27 October 2022

Wales wants to triple annual restoration of peatlands


The annual amount of peatlands to be restored in the British nation rises to 1,800 hectares. A move designed to counter climate change and protect biodiversity. Two emergencies that seem to be more and more evident across the U.K.

by Matteo Cavallito


Wales wants to step up efforts to protect peatlands by tripling their restoration rate, according to The Guardian. The move is aimed at countering climate change and biodiversity loss. Just like heathlands and bogs, the British newspaper writes, peatlands play a key role in storing carbon and alleviating the risk of flooding by curbing the flow of water from mountainous areas.

Anyway, years of exploitation trough mining, burning and overgrazing have profoundly reduced these environments whose survival is now also threatened by global warming. The restoration target in Wales has been set at 1,800 hectares per year. That’s three times the 600 hectares previously set.

The crucial role of peatlands

Interest around peatlands has grown in recent years due to their ability to sequester and store carbon. Such capacity varies widely in different parts of the Planet: in the Democratic Republic of the Congo, a recent study by the Universities of Leeds, Edinburgh, Kisangani and Mbandaka has found, these environments store nearly twice the amount per hectare than peatlands in the Peruvian Amazon. Congolese wetlands are estimated to stock 28 percent of carbon stored in tropical peatlands.

Under current conditions, however, protecting these areas appears complicated. Indeed, at tropical latitudes only 8 percent of the carbon stored in these environments is located within protected areas.

More than 90 percent of the sequestered element, in other words, can be found in areas subject to land use change, a practice that endangers the survival of biodiversity. A serious problem that characterizes many countries in the world. Including Wales.

Biodiversity at risk

Peatlands, the Guardian recalls, provide vital habitat for several bird species such as golden plover, skylark and curlew. According to the Welsh minister for climate change, Julie James, the newspaper writes, the country is now home to just 400 breeding pairs of curlews, a number clearly too small which is a clear consequence of the scale of the damage.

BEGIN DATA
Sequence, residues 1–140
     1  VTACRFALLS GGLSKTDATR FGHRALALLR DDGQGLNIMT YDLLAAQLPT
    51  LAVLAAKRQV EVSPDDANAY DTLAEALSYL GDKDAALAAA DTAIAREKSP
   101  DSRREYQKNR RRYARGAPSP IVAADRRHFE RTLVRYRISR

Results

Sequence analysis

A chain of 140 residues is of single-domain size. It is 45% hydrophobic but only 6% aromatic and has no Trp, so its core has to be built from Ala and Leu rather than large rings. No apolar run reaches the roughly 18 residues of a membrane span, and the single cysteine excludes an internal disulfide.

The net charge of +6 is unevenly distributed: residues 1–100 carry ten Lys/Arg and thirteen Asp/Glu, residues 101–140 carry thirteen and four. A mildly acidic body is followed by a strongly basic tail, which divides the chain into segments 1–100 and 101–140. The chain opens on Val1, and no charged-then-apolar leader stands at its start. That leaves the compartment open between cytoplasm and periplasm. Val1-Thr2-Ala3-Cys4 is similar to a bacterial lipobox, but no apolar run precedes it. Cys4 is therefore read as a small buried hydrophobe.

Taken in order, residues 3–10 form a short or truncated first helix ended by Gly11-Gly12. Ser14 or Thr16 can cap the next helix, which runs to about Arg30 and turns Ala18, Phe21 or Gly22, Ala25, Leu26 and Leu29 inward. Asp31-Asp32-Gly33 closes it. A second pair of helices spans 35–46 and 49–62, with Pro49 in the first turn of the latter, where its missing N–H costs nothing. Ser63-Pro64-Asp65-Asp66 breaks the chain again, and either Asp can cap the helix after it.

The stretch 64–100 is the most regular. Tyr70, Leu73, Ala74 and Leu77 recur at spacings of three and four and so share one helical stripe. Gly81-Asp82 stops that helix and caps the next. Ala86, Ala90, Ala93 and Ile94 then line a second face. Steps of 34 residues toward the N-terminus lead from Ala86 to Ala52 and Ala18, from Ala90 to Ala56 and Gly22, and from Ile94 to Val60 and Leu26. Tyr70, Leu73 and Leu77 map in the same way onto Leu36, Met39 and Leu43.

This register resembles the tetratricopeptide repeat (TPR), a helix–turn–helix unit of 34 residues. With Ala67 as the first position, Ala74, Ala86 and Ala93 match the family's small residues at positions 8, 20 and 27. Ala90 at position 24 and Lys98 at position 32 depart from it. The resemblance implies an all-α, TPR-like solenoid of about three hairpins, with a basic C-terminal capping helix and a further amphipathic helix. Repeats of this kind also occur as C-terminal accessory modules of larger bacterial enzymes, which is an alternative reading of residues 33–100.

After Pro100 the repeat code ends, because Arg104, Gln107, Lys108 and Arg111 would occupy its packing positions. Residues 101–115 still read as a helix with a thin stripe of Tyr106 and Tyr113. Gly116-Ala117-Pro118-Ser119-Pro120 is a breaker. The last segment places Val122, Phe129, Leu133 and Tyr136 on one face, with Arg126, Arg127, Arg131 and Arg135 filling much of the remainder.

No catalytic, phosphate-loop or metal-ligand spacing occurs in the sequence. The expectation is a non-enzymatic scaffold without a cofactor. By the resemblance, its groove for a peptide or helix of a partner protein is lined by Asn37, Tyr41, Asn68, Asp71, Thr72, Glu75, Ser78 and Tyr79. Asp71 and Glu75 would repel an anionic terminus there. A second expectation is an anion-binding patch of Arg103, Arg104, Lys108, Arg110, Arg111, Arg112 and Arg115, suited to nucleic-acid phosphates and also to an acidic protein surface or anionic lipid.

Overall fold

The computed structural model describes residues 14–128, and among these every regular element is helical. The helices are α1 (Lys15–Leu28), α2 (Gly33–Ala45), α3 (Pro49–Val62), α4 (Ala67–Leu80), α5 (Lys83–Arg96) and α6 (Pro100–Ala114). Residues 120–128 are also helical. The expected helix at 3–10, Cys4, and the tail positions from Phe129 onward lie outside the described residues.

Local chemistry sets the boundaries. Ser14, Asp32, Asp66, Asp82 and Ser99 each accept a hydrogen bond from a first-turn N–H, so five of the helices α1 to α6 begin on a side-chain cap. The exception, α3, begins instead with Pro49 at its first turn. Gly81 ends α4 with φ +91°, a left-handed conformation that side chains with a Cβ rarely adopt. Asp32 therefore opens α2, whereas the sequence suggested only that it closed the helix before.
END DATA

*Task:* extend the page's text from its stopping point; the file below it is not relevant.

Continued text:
“Taking peat out of the ground has been one of the worst abuses of the planet in the last 100 years and more,” James said at a conference at the National Botanic Gardens in Carmarthenshire, southwest Wales.

Also according to the British newspaper, the peatland plan is part of a broader initiative spearheaded by the Cardiff government to step up nature conservation efforts. The executive, in particular, aims to improve “the condition, connectivity and resilience of protected sites to creating larger conservation areas at sea.” Another goal is the establishment of a “targeted scheme” to support habitat restoration in coastal areas.

The biodiversity crisis in the UK

A report published in 2019 sounded the alarm about the health of the local ecosystem. According to researchers representing more than 70 environmental organizations, one in six species of plants, animals, and fungi in Wales is reportedly at risk of extinction. But the decline in biodiversity is known to be an obvious problem in other areas of the United Kingdom as well.

Such is the case in England where, according to a study by the UK Environment Agency, industrialization has resulted in a staggering depletion of natural diversity.

The process, which began earlier than in other nations, has stimulated widespread land-use change with obvious consequences for the environment. From the Industrial Revolution to the present day, 99.7 percent of swamps and 97 percent of grasslands have disappeared. As well as 80% of lowland heaths, 70% of ancient forests and 85% of salt marshes. Without “significant changes” in land management, the agency said, the country will not be able to halt the deep crisis affecting its ecosystem.